The incident happened in front of my friends. At first I felt that made the situation worse – how mortifying! But after the incident, they spoke truth to me, gave me perspective, helped me to see that this woman was acting irrationally and her opinion was not to be trusted. I’m so glad they were there – and as I replayed the situation in my head countless times after the incident, I clung to their words of advice and perspective.
Scott was great. He listened to me recount the scenario lots of times, he comforted me when I cried, he reminded me of all the great things that we cherish about our son, and he gave me perspective. And when I was still anxious and down about it several days after the incident, he patiently went through the whole process again and prayed that God would take my anxiety away.
I didn’t want to go to church, because I didn’t want my son to be around other young children. I was afraid of another aggressive incident and I wanted to isolate us rather than allow us to be in a situation where he could act badly, embarrass me and quite simply cause a great deal of stress! But you can’t really opt out of church if your hubby is in church leadership. So I had no choice – and thank goodness I didn’t. Being in Christian community where you and your children are accepted regardless of your/their bad behaviour is freeing. And being exposed to the gospel is the best possible solution to every problem and every situation. Christian community and gospel exposure were exactly the antidote to my temptation to withdraw.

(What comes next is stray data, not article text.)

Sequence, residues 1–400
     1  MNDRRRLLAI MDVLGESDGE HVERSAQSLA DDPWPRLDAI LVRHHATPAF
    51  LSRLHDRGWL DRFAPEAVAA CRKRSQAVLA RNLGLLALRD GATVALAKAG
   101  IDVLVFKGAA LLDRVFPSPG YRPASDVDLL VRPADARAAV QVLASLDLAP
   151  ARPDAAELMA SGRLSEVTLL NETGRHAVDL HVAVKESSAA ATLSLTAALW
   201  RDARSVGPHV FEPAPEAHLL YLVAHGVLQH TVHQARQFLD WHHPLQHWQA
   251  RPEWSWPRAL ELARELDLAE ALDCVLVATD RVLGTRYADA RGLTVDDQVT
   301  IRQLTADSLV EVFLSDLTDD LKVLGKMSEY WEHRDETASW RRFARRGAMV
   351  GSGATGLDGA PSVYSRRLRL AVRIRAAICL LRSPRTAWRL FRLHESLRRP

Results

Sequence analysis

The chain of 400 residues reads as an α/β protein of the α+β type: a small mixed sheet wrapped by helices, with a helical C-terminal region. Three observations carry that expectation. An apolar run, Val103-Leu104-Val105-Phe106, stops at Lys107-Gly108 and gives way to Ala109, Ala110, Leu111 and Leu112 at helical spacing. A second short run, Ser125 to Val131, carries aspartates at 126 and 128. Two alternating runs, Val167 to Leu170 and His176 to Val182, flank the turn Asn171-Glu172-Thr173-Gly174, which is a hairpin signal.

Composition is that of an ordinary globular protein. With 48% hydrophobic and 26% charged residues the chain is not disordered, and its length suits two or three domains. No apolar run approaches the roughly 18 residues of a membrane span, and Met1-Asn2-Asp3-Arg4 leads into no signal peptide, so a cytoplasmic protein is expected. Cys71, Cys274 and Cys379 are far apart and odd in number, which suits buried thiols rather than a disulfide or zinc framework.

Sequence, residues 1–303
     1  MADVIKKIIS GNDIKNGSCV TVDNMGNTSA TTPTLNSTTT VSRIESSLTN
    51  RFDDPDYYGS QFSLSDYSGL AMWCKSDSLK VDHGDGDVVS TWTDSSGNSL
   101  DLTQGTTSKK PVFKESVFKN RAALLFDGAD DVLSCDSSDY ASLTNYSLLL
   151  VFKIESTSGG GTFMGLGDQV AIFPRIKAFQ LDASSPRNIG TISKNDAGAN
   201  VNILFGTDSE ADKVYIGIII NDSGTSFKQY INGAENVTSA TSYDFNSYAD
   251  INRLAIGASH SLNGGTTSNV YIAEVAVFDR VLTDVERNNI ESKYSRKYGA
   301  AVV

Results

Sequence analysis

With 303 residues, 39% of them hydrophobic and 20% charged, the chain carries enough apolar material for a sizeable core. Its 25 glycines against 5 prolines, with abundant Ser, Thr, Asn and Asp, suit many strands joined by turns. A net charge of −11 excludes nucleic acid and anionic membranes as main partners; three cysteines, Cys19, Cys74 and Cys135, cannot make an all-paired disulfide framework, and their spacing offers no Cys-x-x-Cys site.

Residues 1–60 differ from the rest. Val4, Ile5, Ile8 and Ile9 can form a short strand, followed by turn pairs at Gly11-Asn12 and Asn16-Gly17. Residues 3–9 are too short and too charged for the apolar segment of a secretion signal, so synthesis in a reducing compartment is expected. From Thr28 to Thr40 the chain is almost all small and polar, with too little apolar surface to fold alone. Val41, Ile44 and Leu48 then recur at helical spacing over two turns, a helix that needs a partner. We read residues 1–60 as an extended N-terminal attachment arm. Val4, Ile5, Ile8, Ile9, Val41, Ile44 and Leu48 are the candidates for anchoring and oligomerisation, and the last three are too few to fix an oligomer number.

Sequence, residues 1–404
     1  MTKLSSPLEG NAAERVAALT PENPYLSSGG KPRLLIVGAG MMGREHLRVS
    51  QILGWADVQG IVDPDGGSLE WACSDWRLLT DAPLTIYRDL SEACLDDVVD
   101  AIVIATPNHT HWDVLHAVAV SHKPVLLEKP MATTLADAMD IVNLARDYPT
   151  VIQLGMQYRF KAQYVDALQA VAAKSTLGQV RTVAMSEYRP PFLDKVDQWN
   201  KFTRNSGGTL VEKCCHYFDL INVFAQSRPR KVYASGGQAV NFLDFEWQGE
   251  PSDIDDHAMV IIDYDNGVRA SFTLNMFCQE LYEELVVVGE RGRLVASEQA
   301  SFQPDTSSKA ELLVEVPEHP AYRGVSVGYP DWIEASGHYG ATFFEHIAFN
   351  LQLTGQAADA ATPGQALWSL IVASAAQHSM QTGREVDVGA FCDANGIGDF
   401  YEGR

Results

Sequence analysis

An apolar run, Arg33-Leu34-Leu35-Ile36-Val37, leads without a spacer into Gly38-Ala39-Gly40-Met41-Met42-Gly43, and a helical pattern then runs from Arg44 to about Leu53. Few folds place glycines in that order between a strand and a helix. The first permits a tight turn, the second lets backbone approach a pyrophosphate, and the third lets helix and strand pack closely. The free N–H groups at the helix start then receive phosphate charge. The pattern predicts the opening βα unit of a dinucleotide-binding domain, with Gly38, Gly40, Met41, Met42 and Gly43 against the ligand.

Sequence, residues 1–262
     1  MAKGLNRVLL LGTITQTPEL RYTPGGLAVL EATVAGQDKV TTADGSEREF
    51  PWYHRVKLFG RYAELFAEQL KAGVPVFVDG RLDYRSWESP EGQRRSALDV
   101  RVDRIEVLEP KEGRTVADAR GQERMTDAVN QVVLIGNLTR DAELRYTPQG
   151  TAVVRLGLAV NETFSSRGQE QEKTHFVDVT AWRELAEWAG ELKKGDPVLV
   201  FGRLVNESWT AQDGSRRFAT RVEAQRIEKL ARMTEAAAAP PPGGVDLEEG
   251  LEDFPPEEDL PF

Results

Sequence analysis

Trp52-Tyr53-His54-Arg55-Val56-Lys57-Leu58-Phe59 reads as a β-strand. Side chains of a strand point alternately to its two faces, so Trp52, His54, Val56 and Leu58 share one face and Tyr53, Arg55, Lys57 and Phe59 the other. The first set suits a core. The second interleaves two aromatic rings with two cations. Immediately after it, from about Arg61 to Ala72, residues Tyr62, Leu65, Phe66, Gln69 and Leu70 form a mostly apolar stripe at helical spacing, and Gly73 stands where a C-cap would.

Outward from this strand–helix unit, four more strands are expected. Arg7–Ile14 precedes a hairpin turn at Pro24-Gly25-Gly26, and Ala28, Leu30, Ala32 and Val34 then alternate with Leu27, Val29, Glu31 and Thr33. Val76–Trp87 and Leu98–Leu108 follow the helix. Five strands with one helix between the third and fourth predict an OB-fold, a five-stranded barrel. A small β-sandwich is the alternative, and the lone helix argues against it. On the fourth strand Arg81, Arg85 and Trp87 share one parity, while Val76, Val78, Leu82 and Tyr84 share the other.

My mum lives abroad but had just come back to the UK the week of the incident. Sometimes what you need is a few day outings, a change of scene and a doting grandmother who thinks your children are cute, wonderful little creatures who are simply going through a phase. Compassion, encouraging words and a good giggle is sometimes what’s needed.
A few days before the mastitis hit, we learnt that a local primary school had some subsidized spots for 2-year olds. They were very cheap and the child care was exceptional – so we decided to put Reuben in for 6 hours a week. This was God’s grace to us! The following weeks of challenging behaviour, nap-dropping and my being ill, demonstrated just how much we needed some external support. This support exceeded our expectations. God used these 6 hours a week to help give me rest and crucially to stretch our son socially, behaviourally and academically – his aggressive behaviour diminished very quickly. Secular nursery has been used by God as a means of grace – common grace abounds in secular education – and we are deeply grateful!
Of course all these means of grace come from Christ – who gives grace upon grace. It is the Spirit of Jesus who speaks truth to us through the people around us (notice how in all of the sections above, God has used people to bring healing and truth to me, where circumstances and mean mum were only bringing condemnation).
So let this be my message to you.
Are you feeling alone? Condemned? Overwhelmed? Angry with your kids? Unable to cope? Down and anxious?
So there we have it: “the gospel of grace gloriously speaks into our messy lives” yes it does… if we let it.
So there we go…. I actually wrote it… and I think I’ll probably publish it…